I never expected it. He just knew I loved that drink, and he took note that having flowers in our domestic environment put us both in an overall better mood. It kept things interesting for me as I realized he was listening to me without me actually saying the words “I wish sometimes you would bring me a bouquet of flowers and make me an Aperol Spritz.”

Photo of man talking on the phone

Even if it’s just a surprise phone call to check in during the day, you are showing your partner you care about him.

If you’re single, you can work on surprising yourself by breaking out of your comfortable and predictable dating habits. One of my favorite stories from my matchmaking career about a client who only wanted to date men taller than 5 foot, 10 inches.

I thought I would experiment, so I introduced him to some men who were 5 foot, 8 inches tall. I wanted him to see things more from of a macro level than a micro level.

I thought height might not matter if my client’s potential partner had other more important things in common with him like his lifestyle and career endeavors. Although I didn’t introduce this client to the love of his life, I received a rather interesting call from him months after his membership had ended.

He thanked me for introducing him to shorter men as he was now engaged to one and was happier than ever. His adamance was a blind spot in his idea of true happiness. I’m happy he took the leap, and, when he did, he realized the grass was a little more interesting on the other side.

3. Be Gracious, and Make Sure the Relationship is Balanced

Every relationship has its highs and lows. That is just human nature. Some couples run into stressful times, while others in similar circumstances might not. An internal radar for these types of situations is an amazing tool to have to keep a relationship strong and interesting.

For instance, you know your partner has a really tough work week ahead, and you find yourself having a less cumbersome one. Why not meal prep and do the laundry for yourselves that week? I doubt your partner would object.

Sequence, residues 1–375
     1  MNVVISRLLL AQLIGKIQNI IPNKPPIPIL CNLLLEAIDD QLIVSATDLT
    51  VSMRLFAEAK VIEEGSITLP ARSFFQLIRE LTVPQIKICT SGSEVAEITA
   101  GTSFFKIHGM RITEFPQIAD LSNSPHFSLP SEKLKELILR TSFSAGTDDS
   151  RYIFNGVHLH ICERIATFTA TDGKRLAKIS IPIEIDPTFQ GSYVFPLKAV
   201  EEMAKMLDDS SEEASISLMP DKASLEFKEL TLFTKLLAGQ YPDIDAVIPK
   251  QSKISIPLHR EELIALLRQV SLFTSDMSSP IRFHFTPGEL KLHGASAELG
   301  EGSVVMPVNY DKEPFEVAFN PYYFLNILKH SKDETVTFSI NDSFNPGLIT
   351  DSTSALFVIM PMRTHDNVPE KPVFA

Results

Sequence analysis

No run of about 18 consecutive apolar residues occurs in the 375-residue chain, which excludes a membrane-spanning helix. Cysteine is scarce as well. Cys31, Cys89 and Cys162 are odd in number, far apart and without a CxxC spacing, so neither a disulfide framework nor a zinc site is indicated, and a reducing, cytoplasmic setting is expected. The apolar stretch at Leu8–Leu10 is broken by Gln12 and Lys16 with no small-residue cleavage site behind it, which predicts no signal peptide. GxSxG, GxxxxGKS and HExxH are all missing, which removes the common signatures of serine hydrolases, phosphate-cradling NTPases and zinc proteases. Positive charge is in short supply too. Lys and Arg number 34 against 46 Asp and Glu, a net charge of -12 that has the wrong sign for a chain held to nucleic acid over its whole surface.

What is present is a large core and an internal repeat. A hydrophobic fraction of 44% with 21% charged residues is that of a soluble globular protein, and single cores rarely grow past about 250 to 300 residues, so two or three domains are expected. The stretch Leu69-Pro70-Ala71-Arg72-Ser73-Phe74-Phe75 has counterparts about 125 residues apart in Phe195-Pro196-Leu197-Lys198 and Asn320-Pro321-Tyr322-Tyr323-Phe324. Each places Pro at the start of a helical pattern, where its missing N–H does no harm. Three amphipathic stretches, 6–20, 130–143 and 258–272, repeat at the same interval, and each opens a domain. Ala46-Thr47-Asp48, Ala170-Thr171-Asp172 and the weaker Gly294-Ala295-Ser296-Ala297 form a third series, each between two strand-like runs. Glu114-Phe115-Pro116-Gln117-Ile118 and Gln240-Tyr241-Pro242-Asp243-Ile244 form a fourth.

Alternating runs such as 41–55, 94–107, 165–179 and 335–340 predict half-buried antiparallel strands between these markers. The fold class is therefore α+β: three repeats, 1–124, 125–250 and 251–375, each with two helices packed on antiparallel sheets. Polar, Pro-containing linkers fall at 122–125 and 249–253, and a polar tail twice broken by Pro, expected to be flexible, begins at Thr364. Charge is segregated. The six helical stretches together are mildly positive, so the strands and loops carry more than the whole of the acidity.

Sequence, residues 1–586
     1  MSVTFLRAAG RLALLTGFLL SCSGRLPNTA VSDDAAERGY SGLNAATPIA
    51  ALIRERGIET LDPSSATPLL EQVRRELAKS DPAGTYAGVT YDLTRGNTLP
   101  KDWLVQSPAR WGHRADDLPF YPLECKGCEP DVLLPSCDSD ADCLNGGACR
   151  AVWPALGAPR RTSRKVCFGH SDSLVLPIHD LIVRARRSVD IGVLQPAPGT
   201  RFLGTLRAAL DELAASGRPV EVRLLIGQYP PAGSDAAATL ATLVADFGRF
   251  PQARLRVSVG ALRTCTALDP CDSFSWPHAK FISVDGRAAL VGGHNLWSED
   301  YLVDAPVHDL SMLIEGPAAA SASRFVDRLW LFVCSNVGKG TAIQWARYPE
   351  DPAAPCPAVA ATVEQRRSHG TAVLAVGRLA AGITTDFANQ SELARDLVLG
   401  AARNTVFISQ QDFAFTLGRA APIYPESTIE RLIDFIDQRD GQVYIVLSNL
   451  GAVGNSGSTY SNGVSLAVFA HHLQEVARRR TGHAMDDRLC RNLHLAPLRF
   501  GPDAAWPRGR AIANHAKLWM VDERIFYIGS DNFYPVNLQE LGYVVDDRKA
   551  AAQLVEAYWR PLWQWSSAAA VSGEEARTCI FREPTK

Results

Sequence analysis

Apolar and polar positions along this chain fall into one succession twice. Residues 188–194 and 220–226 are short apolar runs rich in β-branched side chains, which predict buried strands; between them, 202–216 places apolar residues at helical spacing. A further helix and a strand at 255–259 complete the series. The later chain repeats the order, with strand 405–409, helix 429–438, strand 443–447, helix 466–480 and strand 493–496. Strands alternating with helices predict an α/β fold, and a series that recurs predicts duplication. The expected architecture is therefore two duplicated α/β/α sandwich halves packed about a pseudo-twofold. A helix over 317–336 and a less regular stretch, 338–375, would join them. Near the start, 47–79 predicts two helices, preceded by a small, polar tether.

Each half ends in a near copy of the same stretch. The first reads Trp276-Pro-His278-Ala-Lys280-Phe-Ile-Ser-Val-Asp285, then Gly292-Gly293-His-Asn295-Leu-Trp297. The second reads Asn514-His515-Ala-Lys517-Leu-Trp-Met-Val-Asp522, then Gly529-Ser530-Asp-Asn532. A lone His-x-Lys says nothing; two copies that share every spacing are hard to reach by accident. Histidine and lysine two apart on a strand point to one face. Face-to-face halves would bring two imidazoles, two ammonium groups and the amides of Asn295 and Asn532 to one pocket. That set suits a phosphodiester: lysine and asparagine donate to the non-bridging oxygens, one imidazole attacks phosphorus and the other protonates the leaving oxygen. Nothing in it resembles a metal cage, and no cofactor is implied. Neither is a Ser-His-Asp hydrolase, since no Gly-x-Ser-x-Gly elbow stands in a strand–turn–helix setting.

There should be some sort of natural cadence to a relationship that makes it flow and come from a place of gratitude.

When I first moved out to Los Angeles nearly 11 years ago, I came straight from a small town in Georgia. Whenever my new buddies and I would go out to eat, we would often take turns paying for each other because we all had that mutual respect and admiration one another.

However, I started to realize that my new friend group was making me pay almost every time. Before moving to L.A., I was never programmed to think someone was taking advantage of me. I never had to think that way. I would consider myself naive back then, but it made me realize a very valuable lesson.

Both partners expressing gratitude toward one another will help keep a relationship strong.

It made me realize that, if I’m interested in someone, whether it’s platonic or romantic, things should remain equal.

My grandparents’ relationship was always equal. They would always do things for each other to keep things interesting, respectful, and loving. Their connection seemed so effortless and smooth because they were so in tune to one another.

When they would travel together, my grandmother would cook, my grandfather would do the dishes. Together they would take my brother and I bowling as kids because they enjoyed us enjoying the time with them.

My grandfather once said, “Washing the dishes for your grandmother was probably the only hard thing I had to do.” Knowing that their relationship was truly special and easy, it made me realize that this is the relationship I deserve and want.

You Can Keep Someone Interested While Not Ignoring Your Wants and Needs

Being with someone you like is a wonderful feeling, and we all often worry about keeping that momentum going in a relationship. If you’re courteous, kind, and observant, then it should be pretty easy to do. Spending time together and making small, gracious gestures will really go a long way.

However, make sure that you’re not ignoring your own wants, needs, and feelings while you’re trying to please your partner. It’s a two-way street to keep a relationship interesting.